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A tall order

Sculptor Doug Kornfeld takes symbolism to new heights at DeCordova

By Laura Bennett
Globe Correspondent / July 10, 2009
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LINCOLN - Doug Kornfeld’s business card is a squat black figure with an enormous orb for a head. The word “ARTIST’’ is printed in a white font where the forehead might be. The neck is nonexistent and the arms dangle stiffly. It’s a glib distillation of the sculptor himself: a small man with a burnished scalp, thick-rimmed spectacles, and a habit of accenting his words with energetic gestures. “Everything I do is trying to get you to think about symbols,’’ he says, striking the table with the edge of his palm. “To notice how they represent us and how they don’t.’’

For the past two decades, Kornfeld has been making art installations that examine modern iconography. His latest creation, “Ozymandias,’’ was completed in late May and sits on a prime patch of real estate outside at the DeCordova Museum and Sculpture Park. The 18-foot-tall sculpture is a great red slab that appears to be sinking into a swath of lawn. “Ozymandias’’ is shaped like a giant man - more precisely, the smooth-edged, cartoonish species of man that is plastered on countless bathroom doors around the world.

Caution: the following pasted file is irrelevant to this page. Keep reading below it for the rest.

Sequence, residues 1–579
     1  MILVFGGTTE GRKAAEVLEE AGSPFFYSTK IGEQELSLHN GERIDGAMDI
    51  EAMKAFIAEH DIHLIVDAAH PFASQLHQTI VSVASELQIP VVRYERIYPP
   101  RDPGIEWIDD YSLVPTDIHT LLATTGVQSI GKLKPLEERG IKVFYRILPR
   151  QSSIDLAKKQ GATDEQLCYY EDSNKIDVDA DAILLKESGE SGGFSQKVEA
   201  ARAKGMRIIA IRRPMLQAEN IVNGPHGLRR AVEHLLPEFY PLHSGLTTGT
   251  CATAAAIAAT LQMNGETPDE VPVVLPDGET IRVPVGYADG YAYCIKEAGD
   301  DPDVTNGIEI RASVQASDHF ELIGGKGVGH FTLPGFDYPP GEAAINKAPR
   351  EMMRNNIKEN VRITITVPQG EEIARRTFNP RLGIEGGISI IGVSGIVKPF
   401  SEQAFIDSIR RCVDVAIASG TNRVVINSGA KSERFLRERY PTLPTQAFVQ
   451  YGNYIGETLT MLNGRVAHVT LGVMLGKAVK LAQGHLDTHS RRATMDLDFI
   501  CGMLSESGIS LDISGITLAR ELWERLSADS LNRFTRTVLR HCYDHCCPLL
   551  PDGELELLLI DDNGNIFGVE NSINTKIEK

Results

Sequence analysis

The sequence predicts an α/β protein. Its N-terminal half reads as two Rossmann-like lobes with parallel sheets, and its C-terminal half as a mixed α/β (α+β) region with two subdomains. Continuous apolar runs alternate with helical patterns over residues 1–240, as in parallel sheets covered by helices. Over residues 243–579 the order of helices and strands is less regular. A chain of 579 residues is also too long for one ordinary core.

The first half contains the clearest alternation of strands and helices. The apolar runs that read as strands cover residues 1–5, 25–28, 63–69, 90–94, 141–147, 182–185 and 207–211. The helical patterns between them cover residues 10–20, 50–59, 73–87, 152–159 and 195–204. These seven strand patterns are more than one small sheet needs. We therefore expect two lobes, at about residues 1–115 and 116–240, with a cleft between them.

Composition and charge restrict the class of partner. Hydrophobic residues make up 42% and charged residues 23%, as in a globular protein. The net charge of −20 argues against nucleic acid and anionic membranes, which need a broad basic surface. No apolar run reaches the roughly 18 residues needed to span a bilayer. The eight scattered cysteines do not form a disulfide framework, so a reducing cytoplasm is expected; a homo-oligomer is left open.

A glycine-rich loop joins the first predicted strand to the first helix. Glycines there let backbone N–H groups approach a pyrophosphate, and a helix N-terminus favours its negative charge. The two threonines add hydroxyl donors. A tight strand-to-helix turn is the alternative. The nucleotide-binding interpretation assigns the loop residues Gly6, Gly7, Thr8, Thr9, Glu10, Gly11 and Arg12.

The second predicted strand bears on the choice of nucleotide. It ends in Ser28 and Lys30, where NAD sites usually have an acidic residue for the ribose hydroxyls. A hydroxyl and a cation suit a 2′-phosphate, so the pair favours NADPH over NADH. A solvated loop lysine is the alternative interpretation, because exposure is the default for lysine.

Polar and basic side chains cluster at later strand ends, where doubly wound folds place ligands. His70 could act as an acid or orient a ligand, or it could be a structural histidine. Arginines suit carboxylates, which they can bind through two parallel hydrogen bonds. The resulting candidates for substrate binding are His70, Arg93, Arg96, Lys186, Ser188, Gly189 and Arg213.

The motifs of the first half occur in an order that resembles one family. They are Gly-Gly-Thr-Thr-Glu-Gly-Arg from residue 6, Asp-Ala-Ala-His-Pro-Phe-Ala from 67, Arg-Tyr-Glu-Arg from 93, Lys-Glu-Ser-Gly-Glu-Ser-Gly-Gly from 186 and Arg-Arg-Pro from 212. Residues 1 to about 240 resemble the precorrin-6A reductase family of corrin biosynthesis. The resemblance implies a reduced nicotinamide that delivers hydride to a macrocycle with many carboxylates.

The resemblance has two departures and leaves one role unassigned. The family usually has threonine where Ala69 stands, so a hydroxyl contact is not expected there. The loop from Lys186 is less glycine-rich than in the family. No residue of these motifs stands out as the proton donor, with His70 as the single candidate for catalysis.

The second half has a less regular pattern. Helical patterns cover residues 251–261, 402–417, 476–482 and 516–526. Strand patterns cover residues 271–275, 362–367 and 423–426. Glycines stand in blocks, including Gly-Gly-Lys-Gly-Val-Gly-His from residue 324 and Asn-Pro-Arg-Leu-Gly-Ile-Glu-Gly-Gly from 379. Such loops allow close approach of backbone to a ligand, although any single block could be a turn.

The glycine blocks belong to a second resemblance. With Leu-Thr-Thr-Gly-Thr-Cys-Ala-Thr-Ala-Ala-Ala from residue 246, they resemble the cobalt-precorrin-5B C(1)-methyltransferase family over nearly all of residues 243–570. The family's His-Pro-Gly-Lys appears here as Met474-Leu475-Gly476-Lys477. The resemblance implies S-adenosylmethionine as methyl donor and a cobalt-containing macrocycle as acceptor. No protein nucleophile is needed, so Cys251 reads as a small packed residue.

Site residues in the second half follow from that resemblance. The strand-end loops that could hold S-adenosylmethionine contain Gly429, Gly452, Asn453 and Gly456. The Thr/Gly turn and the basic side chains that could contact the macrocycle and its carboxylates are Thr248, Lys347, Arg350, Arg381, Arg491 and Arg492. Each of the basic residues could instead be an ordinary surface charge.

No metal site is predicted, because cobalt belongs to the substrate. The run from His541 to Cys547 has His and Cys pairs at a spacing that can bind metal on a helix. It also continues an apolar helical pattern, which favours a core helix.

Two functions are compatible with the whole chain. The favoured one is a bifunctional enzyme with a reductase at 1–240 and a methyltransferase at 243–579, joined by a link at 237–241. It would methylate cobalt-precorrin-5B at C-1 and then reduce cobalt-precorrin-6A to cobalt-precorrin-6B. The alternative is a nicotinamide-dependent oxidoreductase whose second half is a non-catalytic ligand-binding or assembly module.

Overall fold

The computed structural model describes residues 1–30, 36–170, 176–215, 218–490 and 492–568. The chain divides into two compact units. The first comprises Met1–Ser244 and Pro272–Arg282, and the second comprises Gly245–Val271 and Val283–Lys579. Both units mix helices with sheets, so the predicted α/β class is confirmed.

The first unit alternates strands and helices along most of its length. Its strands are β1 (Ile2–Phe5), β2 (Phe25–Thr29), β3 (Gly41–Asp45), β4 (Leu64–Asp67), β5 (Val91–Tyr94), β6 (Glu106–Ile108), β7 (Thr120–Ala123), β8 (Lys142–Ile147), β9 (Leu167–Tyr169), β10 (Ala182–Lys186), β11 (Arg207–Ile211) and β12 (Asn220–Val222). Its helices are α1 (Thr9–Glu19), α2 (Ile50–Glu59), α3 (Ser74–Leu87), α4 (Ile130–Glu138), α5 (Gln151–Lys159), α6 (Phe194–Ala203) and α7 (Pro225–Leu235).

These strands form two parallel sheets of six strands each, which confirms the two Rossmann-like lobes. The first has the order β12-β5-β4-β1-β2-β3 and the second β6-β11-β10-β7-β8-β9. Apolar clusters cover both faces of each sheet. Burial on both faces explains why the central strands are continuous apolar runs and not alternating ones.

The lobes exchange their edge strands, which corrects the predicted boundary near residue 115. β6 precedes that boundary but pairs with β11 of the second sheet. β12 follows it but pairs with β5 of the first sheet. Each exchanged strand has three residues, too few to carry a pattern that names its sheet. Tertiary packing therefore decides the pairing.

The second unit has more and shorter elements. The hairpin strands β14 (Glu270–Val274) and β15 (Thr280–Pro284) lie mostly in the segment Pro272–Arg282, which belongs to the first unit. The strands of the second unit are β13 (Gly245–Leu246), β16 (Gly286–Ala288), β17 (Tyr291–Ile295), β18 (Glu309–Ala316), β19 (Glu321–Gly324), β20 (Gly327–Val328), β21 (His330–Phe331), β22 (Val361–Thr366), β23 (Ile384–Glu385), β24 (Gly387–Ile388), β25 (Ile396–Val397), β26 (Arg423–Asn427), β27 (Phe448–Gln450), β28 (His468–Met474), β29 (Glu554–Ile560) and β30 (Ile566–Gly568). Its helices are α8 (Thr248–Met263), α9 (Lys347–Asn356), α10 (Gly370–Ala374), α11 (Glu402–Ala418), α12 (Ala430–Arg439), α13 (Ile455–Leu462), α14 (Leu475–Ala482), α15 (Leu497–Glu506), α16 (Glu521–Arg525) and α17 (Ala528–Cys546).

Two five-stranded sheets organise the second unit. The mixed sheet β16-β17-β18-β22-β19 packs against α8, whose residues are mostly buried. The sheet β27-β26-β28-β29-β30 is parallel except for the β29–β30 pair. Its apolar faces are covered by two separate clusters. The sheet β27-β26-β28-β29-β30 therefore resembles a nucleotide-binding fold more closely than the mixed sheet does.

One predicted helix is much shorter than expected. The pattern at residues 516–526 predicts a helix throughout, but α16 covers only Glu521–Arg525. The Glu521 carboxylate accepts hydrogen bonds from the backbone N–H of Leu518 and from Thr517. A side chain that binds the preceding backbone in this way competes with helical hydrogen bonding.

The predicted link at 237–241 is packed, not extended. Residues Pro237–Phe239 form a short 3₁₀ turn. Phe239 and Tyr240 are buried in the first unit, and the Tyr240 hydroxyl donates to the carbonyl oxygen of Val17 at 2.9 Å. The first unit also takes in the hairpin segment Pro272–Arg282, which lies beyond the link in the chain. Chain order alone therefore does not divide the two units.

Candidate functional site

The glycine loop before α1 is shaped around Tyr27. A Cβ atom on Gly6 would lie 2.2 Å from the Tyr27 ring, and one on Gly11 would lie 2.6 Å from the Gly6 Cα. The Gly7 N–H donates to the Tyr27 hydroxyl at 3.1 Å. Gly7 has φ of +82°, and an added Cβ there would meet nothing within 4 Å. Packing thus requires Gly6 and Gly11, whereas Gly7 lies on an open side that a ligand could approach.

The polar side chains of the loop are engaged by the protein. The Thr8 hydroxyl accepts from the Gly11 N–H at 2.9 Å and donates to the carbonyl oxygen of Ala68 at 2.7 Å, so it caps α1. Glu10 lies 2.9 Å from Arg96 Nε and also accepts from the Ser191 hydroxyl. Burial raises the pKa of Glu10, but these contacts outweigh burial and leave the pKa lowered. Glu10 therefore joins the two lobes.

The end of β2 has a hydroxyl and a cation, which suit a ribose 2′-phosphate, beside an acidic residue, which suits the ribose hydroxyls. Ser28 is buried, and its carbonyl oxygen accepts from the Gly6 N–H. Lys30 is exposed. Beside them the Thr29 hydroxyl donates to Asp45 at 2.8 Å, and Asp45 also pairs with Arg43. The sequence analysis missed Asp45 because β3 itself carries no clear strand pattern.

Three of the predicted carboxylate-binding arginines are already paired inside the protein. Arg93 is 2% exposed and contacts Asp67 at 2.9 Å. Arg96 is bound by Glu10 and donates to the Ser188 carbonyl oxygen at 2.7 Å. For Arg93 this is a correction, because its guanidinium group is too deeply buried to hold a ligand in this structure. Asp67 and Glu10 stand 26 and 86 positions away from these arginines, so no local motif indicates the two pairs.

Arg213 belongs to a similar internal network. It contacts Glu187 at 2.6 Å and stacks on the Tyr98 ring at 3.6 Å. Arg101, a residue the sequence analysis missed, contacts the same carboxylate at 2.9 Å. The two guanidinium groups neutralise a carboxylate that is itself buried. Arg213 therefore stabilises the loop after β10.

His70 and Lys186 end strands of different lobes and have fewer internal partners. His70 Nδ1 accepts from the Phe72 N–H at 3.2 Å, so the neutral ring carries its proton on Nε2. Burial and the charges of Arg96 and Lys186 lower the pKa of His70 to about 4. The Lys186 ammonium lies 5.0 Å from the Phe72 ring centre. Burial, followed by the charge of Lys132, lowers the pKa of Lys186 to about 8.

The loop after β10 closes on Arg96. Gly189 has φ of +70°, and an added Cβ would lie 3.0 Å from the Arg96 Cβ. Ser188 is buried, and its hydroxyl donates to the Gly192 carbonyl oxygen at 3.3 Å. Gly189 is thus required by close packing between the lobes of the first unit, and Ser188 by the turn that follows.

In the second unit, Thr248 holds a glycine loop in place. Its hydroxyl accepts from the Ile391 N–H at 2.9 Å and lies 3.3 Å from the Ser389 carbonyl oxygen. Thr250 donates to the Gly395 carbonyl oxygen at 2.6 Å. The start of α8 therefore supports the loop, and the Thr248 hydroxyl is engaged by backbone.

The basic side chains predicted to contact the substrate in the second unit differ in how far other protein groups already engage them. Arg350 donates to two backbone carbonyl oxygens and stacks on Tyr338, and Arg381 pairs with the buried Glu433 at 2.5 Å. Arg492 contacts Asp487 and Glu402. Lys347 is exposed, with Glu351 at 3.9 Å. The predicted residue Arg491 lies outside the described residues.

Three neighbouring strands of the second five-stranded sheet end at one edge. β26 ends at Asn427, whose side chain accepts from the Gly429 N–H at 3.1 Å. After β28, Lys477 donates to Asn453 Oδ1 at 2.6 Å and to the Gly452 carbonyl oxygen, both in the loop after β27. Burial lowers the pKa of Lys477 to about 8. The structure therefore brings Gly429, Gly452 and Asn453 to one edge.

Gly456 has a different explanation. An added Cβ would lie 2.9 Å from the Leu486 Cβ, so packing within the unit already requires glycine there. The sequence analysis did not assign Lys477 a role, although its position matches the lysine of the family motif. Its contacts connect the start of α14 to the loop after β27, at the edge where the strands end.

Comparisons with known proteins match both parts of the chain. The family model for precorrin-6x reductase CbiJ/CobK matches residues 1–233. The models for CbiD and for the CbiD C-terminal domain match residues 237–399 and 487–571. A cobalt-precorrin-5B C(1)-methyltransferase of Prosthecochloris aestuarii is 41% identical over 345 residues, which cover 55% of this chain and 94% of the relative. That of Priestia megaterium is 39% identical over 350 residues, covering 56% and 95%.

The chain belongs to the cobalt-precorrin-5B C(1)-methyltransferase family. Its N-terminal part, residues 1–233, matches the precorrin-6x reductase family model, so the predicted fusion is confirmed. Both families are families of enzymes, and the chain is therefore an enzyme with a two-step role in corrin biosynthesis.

Now 54, Kornfeld was wandering through the Museum of Fine Arts in Boston more than 20 years ago when he stopped to use the restroom and saw a symbol of a dapper little figure in a tuxedo. “I remember thinking, ‘Oh, I’m not well-dressed enough to use this bathroom,’ ’’ he says. “Then I started thinking, ‘What are the symbols we use today? And do they really represent us?’ ’’

He went home and cut a stencil of the classic female figure on the restroom door, with her triangular skirt and impossibly round skull. He spray painted it onto a canvas. Though he has since abandoned the two-dimensionality of paint in favor of the messy bulk of wood and paper and steel, his signature icon is still the same.

Kornfeld grew up in Denver, where his father spent hours hunched over the grand piano in their living room. But instead of becoming a pianist, the elder Kornfeld had studied horticulture and opened a garden supply store at the urging of his own father. The house was always filled with strains of ragtime and classical melodies. Kornfeld has two brothers who inherited the hardnosed practicality of their grandfather, he says. They are now a doctor and a businessman in Colorado. “People always wonder about me and where I came from,’’ he admits, “because I don’t seem to fit in too well.’’